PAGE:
Part-time workers across the arts should be entitled to a minimum amount of annual leave and holiday pay, according to a Court of Appeal ruling that could affect hundreds of thousands of employees in the UK.
The decision follows what is being described as a landmark case, in which part-time music teacher Lesley Brazel won an appeal against her employer over the amount of paid annual leave she was due.
The ruling has been hailed as a victory for employees working in part-time roles or irregular hours, particularly specialist arts teachers who are paid hourly.
Trade union Unison, which intervened in the case, said the ruling clarifies that “all workers are entitled to a minimum of 28 days paid annual leave, even if they do not get given work or paid for parts of the year”.
The Incorporated Society of Musicians provided legal advice to Brazel and said the decision was of “tremendous importance” to musicians working in education-related roles.
However, it said the ruling would also have ramifications for other arts professionals working part-time, and in any case where they are required to take on additional duties beyond their contracted hours.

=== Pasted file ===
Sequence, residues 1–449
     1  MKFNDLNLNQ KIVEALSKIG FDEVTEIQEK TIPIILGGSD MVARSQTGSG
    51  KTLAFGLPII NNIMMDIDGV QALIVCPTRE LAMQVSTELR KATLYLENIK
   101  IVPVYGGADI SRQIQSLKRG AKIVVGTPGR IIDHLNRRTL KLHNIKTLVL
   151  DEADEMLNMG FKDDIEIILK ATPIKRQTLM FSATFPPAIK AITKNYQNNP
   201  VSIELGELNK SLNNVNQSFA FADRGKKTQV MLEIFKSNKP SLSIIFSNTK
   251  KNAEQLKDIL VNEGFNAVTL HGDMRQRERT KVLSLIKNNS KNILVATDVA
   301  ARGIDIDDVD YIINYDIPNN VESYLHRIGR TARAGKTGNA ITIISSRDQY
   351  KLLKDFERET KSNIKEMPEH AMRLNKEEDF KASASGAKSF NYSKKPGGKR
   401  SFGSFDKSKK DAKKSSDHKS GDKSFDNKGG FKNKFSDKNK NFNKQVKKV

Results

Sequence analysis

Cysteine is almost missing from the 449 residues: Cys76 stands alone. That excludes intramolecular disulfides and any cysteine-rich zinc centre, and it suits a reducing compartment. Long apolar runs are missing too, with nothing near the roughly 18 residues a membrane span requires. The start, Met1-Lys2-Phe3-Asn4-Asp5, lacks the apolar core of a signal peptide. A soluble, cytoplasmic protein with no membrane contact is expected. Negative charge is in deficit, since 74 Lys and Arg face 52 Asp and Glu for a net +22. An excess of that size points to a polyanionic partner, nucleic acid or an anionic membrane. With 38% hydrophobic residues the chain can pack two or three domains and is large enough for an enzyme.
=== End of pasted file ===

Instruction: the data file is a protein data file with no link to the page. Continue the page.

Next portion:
After initially losing an employment tribunal, Brazel won the claim against her employer, the Harper Trust, which had allocated her less than the statutory minimum paid annual leave, based on her yearly hours worked.
She works 10 to 15 hours per week at Bedford Girls’ School, run by the trust, and is not paid a salary during school holidays.
The new ruling says that when an individual’s pay varies across the year, paid holiday should be based on an average of the last 12 weeks worked rather than a pro-rata calculation.
ISM chief executive Deborah Annetts said: “This case is of tremendous importance to all music teachers working in a school setting and to hundreds of thousands of workers. It also shows the incredible determination of Mrs Brazel and commitment of the ISM supporting our members across many years.”
Unison said it had intervened in the case last year because of its wider implications for part-time workers.
Unison’s legal officer Shantha David said: “The government’s failure to provide guidance in this area has left workers in limbo. The courts have once again had to step in to stop the abuse of workers and to fix what legislation should have made clear from the outset.”